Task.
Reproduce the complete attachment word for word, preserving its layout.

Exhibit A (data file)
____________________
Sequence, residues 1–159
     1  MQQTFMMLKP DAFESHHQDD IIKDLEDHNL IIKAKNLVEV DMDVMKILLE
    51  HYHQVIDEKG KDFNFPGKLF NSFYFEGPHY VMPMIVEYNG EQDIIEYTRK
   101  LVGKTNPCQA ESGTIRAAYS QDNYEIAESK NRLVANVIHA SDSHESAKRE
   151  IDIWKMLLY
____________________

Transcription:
Sequence, residues 1–159
     1  MQQTFMMLKP DAFESHHQDD IIKDLEDHNL IIKAKNLVEV DMDVMKILLE
    51  HYHQVIDEKG KDFNFPGKLF NSFYFEGPHY VMPMIVEYNG EQDIIEYTRK
   101  LVGKTNPCQA ESGTIRAAYS QDNYEIAESK NRLVANVIHA SDSHESAKRE
   151  IDIWKMLLY